Dynamic Braking for Induction Motor
Close
Login to Your Account
Results 1 to 11 of 11
  1. #1
    Join Date
    Sep 2012
    Location
    Cincinnati
    Posts
    448
    Post Thanks / Like
    Likes (Given)
    30
    Likes (Received)
    99

    Default Dynamic Braking for Induction Motor

    This is not a machining related question, but there are a bunch of really smart folks here that might know.

    Working on a chipper. Currently a 2750 hp sync motor. Has dynamic braking going into a large resistor bank. There is a separate field controller to control the braking. Works great - stops in about 10 seconds. Mechanical brakes were a reliability nightmare and took about 90 seconds to stop.

    They want to replace the sync motor with (2) 1250 hp induction motors feeding a common dual input shafted gearbox with fluid couplings. They want dynamic braking on the induction motors.

    I understand the concept - close the motor leads into a resistor bank and use capacitors to excite the induction motor so that it is an induction generator. Problem is that I don't know how to size the capacitors and have been unable to find anyone that has done it. By default I was thinking of sizing them as power factor correction capacitors to 0.95 pf but that is a pure guess.

    Anyone ever done this, know how to size them or know someone that I can turn to?

  2. #2
    Join Date
    May 2020
    Country
    UNITED STATES
    State/Province
    Minnesota
    Posts
    578
    Post Thanks / Like
    Likes (Given)
    239
    Likes (Received)
    245

    Default

    Very interesting question. Definitely an engineering problem.

    I've heard of DC injection braking before but never mention of using capacitors for self-excitation. Just taking a stab in the dark here, one might want them sized to form a resonant LCR tank circuit so that the residual magnetism within the rotors can build current until full excitation is reached? Got to be careful with LCR circuits though... they can be capable of developing some wickedly high voltages under the wrong (or right) conditions.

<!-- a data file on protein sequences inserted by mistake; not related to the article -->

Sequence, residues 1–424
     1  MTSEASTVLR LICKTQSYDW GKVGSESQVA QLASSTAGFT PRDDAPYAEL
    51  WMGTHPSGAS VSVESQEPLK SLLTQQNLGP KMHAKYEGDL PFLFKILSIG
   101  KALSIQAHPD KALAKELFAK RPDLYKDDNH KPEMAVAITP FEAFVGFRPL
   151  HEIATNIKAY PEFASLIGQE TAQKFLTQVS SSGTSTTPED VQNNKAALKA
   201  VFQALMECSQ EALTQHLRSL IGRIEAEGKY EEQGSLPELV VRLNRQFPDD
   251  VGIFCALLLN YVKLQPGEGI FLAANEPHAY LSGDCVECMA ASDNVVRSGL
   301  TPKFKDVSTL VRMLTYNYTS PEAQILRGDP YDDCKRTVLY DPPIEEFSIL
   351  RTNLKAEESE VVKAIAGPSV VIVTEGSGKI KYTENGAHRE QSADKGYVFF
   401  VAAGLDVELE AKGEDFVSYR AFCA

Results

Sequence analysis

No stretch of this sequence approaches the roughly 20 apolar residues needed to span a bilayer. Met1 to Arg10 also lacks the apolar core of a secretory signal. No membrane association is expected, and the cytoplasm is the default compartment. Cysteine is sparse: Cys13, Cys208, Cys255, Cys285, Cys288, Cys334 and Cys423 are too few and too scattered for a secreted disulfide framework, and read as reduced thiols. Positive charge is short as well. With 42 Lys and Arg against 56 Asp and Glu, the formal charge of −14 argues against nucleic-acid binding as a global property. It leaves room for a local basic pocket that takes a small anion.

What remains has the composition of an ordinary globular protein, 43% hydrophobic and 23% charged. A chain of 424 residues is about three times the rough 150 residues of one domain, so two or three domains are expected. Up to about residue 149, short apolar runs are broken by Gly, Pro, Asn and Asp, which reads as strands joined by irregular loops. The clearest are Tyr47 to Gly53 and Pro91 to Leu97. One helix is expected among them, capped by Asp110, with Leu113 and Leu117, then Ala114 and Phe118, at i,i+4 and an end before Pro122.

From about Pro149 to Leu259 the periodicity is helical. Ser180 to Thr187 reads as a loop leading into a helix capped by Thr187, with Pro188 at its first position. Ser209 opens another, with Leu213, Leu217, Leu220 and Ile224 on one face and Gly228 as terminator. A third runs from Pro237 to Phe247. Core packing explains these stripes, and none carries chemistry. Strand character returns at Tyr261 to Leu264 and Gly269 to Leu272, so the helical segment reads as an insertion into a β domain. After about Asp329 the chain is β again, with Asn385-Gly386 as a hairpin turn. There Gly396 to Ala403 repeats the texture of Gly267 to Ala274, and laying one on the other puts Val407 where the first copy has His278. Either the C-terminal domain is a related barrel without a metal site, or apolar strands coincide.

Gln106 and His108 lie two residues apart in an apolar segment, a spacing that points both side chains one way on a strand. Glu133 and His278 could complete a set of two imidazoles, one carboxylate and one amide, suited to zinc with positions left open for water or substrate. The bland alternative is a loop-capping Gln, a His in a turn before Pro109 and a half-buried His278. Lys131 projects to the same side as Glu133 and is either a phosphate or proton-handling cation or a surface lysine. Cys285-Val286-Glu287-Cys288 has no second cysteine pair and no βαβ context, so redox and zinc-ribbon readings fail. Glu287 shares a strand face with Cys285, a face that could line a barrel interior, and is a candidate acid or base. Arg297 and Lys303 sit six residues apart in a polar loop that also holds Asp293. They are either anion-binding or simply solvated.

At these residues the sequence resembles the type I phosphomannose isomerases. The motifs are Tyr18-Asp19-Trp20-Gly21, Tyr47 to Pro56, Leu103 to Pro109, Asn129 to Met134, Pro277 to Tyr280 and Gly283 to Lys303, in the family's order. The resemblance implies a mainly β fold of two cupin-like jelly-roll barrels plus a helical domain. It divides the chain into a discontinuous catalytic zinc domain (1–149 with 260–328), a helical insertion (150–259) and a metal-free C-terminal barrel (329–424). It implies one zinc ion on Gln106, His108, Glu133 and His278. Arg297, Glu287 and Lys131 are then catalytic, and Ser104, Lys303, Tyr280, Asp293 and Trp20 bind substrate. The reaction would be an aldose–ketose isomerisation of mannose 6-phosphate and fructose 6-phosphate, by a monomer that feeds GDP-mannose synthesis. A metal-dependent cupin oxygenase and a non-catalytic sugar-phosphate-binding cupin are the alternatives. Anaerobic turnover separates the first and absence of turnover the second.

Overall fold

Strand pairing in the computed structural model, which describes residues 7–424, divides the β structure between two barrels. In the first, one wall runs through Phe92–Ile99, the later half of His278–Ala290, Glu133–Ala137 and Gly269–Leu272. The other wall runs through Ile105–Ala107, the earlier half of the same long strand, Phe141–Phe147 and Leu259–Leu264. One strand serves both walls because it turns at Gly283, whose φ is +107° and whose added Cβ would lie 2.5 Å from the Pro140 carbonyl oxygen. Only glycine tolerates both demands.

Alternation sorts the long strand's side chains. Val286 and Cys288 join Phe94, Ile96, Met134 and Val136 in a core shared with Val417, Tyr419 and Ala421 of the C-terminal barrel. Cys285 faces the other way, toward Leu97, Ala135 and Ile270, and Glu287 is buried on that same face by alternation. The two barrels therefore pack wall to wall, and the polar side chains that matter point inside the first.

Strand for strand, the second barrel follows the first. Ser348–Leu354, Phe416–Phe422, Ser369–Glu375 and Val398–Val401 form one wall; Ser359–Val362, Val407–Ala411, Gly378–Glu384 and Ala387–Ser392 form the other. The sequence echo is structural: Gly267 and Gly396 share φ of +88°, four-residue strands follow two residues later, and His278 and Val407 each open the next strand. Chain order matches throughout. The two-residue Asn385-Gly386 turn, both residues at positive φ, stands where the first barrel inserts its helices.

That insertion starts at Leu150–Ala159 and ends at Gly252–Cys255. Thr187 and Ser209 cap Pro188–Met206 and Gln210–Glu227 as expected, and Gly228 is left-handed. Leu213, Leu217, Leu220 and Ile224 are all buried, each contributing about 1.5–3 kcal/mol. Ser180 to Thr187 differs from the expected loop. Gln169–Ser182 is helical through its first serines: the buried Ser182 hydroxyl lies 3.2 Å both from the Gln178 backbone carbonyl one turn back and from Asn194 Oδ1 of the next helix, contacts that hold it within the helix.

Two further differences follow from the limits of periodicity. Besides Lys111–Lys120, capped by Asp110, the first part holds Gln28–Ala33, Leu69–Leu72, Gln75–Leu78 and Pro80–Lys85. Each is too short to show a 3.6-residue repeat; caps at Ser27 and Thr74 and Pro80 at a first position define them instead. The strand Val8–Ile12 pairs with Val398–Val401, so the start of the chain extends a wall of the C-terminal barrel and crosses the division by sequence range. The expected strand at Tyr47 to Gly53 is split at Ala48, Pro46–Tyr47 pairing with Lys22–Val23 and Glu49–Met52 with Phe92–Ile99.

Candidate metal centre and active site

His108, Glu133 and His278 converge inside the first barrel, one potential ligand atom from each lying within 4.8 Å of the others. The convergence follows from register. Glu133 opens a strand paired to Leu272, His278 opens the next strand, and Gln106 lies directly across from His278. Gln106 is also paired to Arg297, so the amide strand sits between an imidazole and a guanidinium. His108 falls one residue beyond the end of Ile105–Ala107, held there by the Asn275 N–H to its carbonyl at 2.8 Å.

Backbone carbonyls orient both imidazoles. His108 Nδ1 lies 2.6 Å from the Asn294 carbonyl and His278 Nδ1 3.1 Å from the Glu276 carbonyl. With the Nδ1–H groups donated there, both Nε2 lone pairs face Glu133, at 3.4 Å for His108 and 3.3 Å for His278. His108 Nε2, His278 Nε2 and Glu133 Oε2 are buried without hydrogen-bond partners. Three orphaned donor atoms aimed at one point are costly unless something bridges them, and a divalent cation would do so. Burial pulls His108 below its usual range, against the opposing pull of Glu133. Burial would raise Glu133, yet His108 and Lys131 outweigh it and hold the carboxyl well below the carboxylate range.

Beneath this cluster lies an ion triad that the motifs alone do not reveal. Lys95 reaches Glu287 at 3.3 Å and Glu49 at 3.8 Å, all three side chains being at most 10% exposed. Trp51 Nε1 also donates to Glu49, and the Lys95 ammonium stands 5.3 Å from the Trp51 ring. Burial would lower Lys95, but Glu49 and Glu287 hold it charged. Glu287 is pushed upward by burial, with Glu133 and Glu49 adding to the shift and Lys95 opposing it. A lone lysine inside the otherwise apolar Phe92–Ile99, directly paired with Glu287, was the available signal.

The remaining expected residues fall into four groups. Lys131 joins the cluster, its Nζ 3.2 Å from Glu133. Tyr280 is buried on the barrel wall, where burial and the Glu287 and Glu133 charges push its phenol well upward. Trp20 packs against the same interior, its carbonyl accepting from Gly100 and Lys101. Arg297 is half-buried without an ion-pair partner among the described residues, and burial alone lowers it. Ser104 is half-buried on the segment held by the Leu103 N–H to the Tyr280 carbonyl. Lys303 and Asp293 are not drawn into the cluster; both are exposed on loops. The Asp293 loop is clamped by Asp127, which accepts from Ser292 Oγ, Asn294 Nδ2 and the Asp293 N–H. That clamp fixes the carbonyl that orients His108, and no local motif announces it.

Also worth considering is that the frequency the motors will output will change as they slow down, so you're facing a dynamic problem. (no pun)

    I would definitely consult a professional engineer for advice on this one, especially since you're probably dealing with vacuum contactors and 4160V, 13.8kV or some other medium-voltage system.

  3. #3
    Join Date
    Sep 2012
    Location
    Cincinnati
    Posts
    448
    Post Thanks / Like
    Likes (Given)
    30
    Likes (Received)
    99

    Default

    Quote Originally Posted by Just a Sparky View Post
    I would definitely consult a professional engineer for advice on this one, especially since you're probably dealing with vacuum contactors and 4160V, 13.8kV or some other medium-voltage system.
    I am one and working with several others. Its just that no one has done this.

    DC injection can be brutal on a motor. Would never do that to stop a motor like this. Small 3 hp motor yes - but not a 1250 hp.

    But I found my answer! Good ole Wikipedia! Very simple calculation...........

    Induction generator - Wikipedia

  4. #4
    Join Date
    May 2020
    Country
    UNITED STATES
    State/Province
    Minnesota
    Posts
    578
    Post Thanks / Like
    Likes (Given)
    239
    Likes (Received)
    245

    Default

    Brutal in what way? Mechanically? Thermally?

    If the DC is ramped up via PWM rather than 'stepped' by closing in a contactor then there would be no real mechanical shock and surely there is enough mass present to handle whatever heating effects the braking would introduce.

  5. #5